Nathan McClain is the author of Scale (Four Way Books, 2017), the 2017 Gregory Pardlo Scholar, and a recipient of scholarships from the Bread Loaf Writers’ Conference and The Frost Place. His poems have recently appeared or are forthcoming in American Poets, Hunger Mountain, The Southeast Review, Broadsided, and Tinderbox. A Cave Canem fellow, he teaches creative writing at Drew University.
Aubade Ending with a Pacemaker
It’s so easy, from the hotel’s twelfth floor,
to see the sheet of ice splinter, then drift
like continents on the river. From this height,
the snow flurries, doesn’t seem to fall at all. Maybe
it’s the trucks delivering meat (packed
in salt, I imagine), gliding slowly along
that make me think back on the La Brea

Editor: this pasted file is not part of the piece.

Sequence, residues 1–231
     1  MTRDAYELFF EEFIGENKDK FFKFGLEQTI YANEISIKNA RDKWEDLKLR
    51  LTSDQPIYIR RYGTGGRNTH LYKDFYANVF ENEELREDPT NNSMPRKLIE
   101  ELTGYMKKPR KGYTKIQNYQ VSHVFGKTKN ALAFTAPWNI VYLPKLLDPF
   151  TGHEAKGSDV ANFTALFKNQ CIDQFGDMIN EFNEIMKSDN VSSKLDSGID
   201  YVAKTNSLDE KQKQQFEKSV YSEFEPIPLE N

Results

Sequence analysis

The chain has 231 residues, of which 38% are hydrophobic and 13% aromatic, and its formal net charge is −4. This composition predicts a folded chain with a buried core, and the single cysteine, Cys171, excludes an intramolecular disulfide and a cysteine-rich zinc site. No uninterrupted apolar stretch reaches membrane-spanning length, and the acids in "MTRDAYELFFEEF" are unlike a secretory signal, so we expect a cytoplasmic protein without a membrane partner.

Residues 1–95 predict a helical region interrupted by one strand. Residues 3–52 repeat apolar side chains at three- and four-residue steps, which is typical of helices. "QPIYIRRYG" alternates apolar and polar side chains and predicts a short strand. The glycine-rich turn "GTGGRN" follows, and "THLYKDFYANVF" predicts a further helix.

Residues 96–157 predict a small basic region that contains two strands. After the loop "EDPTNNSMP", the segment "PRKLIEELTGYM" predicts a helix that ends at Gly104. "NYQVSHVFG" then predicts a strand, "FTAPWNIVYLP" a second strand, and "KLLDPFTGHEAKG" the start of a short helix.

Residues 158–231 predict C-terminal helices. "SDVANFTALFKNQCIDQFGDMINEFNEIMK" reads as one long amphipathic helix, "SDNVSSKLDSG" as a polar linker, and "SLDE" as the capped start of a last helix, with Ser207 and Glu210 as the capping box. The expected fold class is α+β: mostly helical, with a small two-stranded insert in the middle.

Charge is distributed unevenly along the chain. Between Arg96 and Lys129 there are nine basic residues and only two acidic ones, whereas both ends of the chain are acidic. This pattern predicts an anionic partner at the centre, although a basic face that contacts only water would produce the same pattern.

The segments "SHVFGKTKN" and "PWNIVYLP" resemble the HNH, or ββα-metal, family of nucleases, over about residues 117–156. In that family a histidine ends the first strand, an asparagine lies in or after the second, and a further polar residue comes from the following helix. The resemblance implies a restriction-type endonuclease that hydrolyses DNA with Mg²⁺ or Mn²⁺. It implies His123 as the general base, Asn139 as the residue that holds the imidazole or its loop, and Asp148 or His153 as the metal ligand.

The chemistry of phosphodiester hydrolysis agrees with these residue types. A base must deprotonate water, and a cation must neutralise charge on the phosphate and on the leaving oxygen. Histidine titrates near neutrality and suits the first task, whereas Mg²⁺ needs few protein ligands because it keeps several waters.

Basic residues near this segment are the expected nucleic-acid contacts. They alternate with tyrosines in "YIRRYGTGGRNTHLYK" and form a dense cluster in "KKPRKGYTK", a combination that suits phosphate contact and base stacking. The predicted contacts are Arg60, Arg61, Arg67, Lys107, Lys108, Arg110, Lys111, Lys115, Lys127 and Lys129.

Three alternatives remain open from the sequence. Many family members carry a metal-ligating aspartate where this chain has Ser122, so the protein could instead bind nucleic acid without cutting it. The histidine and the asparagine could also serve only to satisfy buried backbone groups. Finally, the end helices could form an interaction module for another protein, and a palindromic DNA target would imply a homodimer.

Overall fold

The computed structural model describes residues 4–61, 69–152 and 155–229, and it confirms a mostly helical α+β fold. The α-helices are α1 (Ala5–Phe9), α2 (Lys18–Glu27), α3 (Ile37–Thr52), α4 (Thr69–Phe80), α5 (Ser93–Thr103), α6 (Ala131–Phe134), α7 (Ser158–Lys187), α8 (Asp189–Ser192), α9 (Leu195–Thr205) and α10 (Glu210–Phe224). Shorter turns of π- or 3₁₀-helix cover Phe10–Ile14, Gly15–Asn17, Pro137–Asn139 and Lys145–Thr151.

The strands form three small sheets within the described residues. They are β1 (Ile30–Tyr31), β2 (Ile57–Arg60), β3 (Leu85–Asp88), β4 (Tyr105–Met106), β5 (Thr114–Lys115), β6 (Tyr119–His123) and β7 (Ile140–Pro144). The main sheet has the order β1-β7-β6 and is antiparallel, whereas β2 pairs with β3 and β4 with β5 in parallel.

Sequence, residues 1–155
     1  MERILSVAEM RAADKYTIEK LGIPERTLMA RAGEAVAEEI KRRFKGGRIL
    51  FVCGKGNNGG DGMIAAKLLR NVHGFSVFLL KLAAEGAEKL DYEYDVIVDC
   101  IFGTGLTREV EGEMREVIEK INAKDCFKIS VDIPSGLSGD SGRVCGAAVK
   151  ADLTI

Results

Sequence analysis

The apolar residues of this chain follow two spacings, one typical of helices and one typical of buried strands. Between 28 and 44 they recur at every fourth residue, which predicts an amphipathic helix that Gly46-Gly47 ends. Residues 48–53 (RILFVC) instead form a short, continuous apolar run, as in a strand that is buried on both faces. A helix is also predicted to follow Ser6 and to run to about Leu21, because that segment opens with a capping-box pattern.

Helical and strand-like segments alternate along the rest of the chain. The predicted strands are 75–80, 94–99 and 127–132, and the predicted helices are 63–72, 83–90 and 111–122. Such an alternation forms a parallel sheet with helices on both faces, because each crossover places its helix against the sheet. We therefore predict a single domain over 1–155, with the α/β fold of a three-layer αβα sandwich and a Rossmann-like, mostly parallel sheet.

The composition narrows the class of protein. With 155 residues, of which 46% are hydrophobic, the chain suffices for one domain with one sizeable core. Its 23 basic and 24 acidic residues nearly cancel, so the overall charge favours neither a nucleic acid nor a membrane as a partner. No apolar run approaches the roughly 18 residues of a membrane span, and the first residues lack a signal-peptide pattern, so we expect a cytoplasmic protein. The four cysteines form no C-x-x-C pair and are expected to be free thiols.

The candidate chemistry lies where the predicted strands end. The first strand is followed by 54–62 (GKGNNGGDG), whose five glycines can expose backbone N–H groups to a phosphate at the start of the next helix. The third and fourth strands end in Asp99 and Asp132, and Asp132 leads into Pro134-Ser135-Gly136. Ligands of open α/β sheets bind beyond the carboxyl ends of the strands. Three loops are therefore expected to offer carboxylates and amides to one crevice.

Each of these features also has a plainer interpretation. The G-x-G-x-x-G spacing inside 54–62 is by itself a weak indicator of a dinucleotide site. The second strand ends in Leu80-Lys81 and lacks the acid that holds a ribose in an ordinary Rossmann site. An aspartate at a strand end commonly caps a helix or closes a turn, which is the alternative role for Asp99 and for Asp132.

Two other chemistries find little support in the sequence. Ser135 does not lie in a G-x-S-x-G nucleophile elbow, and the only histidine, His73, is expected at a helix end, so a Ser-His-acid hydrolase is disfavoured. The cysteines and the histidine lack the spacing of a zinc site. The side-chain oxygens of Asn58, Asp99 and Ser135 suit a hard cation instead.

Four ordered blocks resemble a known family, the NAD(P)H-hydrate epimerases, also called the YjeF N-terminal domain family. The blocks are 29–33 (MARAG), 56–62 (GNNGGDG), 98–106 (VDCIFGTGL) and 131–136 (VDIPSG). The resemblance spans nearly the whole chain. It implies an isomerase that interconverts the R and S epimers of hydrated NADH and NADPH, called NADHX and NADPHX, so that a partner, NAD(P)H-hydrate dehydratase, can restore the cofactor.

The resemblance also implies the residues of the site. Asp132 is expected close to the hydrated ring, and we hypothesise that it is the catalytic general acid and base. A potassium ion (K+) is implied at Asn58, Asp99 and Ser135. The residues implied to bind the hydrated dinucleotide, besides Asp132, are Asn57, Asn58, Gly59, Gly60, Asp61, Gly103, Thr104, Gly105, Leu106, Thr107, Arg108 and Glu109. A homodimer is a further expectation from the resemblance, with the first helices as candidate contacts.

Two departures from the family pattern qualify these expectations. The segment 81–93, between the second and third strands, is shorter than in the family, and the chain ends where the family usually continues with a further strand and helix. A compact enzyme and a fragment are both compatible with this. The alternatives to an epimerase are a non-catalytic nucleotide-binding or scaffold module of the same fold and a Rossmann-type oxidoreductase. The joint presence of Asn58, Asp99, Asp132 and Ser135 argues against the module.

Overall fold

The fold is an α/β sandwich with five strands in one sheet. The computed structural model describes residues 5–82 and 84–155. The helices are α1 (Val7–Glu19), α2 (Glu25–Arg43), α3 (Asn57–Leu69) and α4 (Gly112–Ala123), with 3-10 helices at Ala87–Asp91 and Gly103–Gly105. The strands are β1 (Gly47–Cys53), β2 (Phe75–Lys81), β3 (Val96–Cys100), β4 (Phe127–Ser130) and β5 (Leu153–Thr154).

Bakery truck driver whose heart quit
at the intersection of Melrose and Western.
Paramedics listened to his chest. Blew
and blew into his mouth before he was wound
to a stretcher, rushed away—the truck, all
its freshly baked baguettes, left and, I was almost
certain, stolen. Who knows
if anything can really be saved? Not you
or me. Not the heart—unreliable
little engine it is. It shouldn’t be a surprise
when I say, “the La Brea Bakery truck driver,”
that I’m thinking of you.
Boy Pulling a Thorn from His Foot
to cradle. Caught
in the act of concentration,
you see it, chiseled there,
his bronze body curled into
mark, not pulling,
rather, about to pull,
the thorn finally out.
Nothing original here.
Marble, quartz—the old
masters have, for ages now,
sculpted this scene—you’ve seen
it—and here you
Again the little boy.
Again his insistent
grief. So what
some exhibits in the museum
have already gone
dark? So what
others have moved on
to new rooms? Left
with your notepad
and pen. And what
have you learned from
standing here so long
examining pain? No
matter how ancient.
has it done you?
The thorn, thrumming
still. He almost
has it now. So close.
Step back, the guard
warns, his one job
to enforce the distance
necessary, which might be called